I just got my piece for the Bath House's La Lotteria show photographed by Harrison Evans. I'm pretty happy with how it turned out — it's one of my favorite collages so far still a vertical though!).
My piece for the La Lotteria invitational show at the Bath House Cultural Center, opening Saturday, May 4.
The inscription along the right edge of the frame reads in part, "Not that his heart was without flaw, or without having been scarred, but he offered it just the same. ... And yet it had something of the gesture about it, and perhaps even a quid pro quo, as if to say, "Here is my own heart. Would you give me yours in turn?" He might make the same offer to God or to another person alike."
Every time I see honest outpourings — like your letter, I wish I could use it somewhere on DARts to hearten or inform other artists who struggle with much the same issues, if not quite the same talent.
Could I use your replies as a sort of online interview? It's all stuff a lot of other people want and probably need to know.
Thanks for your e-valuation of my thoughts. I agree that more people need to be encouraged about this stuff. And, as a typical Christian, I once thought these blessings of finding rewards in a life's calling were held back from non-believers. I now know that this is not true.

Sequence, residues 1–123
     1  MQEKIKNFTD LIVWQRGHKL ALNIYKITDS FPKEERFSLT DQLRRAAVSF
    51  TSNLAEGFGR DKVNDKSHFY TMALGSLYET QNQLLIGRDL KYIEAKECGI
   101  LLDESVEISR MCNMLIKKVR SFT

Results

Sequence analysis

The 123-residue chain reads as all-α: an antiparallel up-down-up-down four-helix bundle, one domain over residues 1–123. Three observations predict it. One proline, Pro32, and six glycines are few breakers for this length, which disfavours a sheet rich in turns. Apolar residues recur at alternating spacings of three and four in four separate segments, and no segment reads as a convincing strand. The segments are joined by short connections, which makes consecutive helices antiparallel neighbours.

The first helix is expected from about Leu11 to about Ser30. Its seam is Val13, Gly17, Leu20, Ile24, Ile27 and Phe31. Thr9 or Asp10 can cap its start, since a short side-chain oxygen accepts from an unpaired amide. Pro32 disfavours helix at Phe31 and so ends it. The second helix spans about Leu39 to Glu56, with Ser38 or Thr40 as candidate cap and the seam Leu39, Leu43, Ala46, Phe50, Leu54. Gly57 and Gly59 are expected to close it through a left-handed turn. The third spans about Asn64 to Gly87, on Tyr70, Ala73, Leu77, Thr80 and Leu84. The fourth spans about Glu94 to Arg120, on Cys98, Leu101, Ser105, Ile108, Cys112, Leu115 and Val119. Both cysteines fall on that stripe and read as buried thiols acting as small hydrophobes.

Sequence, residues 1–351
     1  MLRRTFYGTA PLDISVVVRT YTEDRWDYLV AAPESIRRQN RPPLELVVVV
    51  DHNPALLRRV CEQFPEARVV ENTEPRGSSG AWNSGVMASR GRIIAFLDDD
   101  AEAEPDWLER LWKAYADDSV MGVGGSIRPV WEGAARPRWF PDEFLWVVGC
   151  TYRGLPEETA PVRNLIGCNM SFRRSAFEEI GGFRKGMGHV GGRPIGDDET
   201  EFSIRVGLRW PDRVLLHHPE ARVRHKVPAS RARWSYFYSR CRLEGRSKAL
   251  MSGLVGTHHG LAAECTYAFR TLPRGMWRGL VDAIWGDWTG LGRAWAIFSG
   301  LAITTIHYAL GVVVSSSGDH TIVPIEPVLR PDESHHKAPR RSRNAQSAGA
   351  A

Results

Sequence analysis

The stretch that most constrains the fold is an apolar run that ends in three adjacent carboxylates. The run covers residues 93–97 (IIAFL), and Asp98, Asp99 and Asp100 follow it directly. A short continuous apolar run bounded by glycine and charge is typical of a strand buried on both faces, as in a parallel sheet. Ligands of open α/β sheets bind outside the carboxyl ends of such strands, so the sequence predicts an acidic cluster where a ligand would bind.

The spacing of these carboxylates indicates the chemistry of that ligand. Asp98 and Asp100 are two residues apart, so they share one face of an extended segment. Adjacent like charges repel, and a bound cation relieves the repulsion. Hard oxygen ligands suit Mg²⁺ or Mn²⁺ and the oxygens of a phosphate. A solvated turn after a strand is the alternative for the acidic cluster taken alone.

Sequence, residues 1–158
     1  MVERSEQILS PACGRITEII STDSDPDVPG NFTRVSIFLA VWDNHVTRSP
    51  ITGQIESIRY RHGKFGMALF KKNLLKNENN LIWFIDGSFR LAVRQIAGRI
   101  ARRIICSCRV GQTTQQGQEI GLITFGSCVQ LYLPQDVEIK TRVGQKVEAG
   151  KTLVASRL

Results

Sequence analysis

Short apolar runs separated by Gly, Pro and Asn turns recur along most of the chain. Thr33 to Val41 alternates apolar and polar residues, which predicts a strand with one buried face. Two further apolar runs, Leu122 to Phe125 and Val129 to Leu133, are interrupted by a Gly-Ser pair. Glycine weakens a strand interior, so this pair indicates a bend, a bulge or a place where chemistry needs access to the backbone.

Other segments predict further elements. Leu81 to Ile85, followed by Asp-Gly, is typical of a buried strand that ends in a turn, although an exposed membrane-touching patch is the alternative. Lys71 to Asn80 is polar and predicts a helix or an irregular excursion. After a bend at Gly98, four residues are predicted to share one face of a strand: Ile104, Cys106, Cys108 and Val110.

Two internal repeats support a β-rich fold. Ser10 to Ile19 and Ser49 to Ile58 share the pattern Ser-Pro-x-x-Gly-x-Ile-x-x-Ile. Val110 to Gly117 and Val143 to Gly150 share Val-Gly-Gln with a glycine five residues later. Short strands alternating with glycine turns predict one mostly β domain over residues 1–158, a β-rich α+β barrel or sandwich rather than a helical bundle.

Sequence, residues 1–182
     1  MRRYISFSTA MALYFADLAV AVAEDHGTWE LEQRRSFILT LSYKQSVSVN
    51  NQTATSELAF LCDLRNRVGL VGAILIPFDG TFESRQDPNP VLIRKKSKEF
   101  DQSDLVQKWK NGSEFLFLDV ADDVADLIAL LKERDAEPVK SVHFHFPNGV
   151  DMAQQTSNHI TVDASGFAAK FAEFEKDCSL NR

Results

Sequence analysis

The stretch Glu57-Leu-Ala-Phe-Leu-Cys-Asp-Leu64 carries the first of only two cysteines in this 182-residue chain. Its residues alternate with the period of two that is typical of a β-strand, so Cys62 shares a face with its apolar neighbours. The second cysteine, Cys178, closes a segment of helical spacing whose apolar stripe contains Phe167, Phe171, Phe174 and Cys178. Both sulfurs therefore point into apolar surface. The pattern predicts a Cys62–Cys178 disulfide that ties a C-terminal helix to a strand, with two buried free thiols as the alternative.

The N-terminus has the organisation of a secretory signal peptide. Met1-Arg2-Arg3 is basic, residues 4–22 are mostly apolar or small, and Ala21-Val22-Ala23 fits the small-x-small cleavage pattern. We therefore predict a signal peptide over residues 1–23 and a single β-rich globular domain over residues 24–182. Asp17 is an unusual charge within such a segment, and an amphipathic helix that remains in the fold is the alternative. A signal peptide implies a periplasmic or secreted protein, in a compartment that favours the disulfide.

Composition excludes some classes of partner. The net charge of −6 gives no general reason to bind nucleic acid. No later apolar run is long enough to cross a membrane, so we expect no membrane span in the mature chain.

I truly believe that Everyone longs to do what is a personal, sometimes hidden, passion. My experience is that such a passion is always a loving, constructive and often creative contribution that will benefit not only that individual but others as well.
I don't believe anyone has ever felt a true, passionate calling to get rich as a stock broker — but I do believe some people are gifted to turn their, and others, resources into wealth that will change many lives for the better.
I think these true passions (and not the way we usually use that word) are in our DNA, planted there by God. And even though we tend to postpone acting on the longings because we fear we can't survive on them, we're cutting ourselves off from really being alive.